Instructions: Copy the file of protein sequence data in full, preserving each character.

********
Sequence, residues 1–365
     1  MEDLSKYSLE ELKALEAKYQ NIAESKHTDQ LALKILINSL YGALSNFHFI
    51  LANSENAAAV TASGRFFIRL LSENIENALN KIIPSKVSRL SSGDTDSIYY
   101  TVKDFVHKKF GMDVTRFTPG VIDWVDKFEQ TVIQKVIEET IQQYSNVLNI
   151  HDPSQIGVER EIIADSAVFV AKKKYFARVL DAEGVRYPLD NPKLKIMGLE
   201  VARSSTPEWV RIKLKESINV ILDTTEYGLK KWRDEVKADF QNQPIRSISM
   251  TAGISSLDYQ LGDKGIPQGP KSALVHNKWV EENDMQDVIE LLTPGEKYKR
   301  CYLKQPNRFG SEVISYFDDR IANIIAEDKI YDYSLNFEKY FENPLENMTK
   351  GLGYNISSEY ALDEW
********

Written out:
Sequence, residues 1–365
     1  MEDLSKYSLE ELKALEAKYQ NIAESKHTDQ LALKILINSL YGALSNFHFI
    51  LANSENAAAV TASGRFFIRL LSENIENALN KIIPSKVSRL SSGDTDSIYY
   101  TVKDFVHKKF GMDVTRFTPG VIDWVDKFEQ TVIQKVIEET IQQYSNVLNI
   151  HDPSQIGVER EIIADSAVFV AKKKYFARVL DAEGVRYPLD NPKLKIMGLE
   201  VARSSTPEWV RIKLKESINV ILDTTEYGLK KWRDEVKADF QNQPIRSISM
   251  TAGISSLDYQ LGDKGIPQGP KSALVHNKWV EENDMQDVIE LLTPGEKYKR
   301  CYLKQPNRFG SEVISYFDDR IANIIAEDKI YDYSLNFEKY FENPLENMTK
   351  GLGYNISSEY ALDEW